On-line version ISSN 2309-8392
Print version ISSN 0018-229X
GROBLER, Jackie. The Retief Massacre of 6 February 1838 revisited. Historia [online]. 2011, vol.56, n.2, pp.113-132. ISSN 2309-8392.
ABSTRACT This article has a threefold purpose. Firstly, it reconstructs the events that took place on 6 February 1838 when the Voortrekker leader Piet Retief and his companions were massacred at Mgungundlovu, the stronghold of the Zulu king, Dingane. Secondly it analyses the reasons that could have convinced Dingane that it would be wise to order his warriors to kill Retief and his men; and thirdly, it sets out to establish the historical significance of the massacre. Afrikaans historians in particular have traditionally portrayed Retief and his men as the victims of unpardonable treachery on the part of an evil barbarian. This article shows that the massacre was indeed a vile act; the brutality and the sly, underhanded way in which it was planned and executed is unjustifiable. On the other hand, the article points out that Dingane was certainly justified to look upon the Voortrekkers as a grave threat to the sovereignty of his kingdom. He and his councillors had reason to regard the unsuspecting Retief and his companions as invaders. The massacre can therefore be regarded as the first salvo in what became a two-year battle for supremacy between Zulu and Voortrekker in southern KwaZulu-Natal.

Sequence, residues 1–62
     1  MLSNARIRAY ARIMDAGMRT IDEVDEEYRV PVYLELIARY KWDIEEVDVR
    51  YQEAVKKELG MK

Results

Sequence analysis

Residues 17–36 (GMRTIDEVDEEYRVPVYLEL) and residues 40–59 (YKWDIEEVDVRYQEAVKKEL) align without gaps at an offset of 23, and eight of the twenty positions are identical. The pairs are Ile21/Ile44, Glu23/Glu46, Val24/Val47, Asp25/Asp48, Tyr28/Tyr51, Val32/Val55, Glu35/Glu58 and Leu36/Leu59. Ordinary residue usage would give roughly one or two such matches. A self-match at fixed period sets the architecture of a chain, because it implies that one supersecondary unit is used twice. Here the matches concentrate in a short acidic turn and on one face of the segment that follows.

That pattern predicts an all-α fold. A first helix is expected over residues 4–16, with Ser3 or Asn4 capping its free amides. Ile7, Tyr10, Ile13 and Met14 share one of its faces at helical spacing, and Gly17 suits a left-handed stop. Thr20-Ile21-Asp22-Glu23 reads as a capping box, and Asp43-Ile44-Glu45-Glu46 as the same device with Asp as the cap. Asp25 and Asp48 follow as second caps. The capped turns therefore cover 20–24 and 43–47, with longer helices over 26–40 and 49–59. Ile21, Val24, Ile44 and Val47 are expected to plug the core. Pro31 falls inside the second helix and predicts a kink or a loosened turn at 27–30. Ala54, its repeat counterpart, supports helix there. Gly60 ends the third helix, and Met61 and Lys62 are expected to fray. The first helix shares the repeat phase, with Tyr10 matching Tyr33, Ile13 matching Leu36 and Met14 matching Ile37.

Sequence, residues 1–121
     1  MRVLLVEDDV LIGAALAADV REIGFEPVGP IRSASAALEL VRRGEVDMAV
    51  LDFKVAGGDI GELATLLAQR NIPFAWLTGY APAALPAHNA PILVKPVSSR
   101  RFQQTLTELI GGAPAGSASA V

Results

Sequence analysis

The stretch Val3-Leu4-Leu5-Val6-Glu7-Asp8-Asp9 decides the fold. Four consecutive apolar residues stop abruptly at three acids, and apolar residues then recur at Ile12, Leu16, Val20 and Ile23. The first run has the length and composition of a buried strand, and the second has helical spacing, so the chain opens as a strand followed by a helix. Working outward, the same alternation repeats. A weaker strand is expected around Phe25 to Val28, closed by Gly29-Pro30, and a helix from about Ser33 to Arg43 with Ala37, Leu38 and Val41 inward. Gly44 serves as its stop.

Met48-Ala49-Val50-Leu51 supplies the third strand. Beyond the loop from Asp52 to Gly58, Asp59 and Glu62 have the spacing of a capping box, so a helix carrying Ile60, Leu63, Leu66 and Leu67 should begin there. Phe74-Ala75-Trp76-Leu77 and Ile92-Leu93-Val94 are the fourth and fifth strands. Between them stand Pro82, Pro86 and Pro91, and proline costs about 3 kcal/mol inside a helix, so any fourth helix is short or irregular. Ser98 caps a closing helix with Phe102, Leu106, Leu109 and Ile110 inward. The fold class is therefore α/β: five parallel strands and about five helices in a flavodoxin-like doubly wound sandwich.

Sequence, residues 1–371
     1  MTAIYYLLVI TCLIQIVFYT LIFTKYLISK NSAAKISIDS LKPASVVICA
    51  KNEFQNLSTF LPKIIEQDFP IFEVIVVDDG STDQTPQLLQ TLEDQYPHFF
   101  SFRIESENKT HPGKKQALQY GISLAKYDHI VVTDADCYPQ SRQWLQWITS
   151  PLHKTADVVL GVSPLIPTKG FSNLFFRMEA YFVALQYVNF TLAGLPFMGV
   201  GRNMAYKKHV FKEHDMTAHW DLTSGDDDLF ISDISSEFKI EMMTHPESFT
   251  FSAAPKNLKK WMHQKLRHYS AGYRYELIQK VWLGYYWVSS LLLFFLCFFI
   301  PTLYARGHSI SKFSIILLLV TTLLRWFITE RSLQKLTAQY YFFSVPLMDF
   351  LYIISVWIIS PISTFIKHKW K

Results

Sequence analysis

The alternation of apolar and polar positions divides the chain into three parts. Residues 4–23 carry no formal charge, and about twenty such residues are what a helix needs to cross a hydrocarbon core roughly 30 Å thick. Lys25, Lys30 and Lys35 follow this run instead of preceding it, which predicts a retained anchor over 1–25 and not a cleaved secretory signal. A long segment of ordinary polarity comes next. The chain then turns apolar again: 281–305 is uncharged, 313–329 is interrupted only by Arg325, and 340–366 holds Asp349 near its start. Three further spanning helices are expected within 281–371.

Keywords : Piet Retief; Great Trek; Voortrekkers; Dingane ka Senzangakona; Mgungundlovu; Ndlela; Dambuza; Francis Owen; Alan Gardiner; William Wood; Sekonyela; Mzilikazi; Thomas Halstead; Kwa-Matiwane; Retief-Dingane Treaty.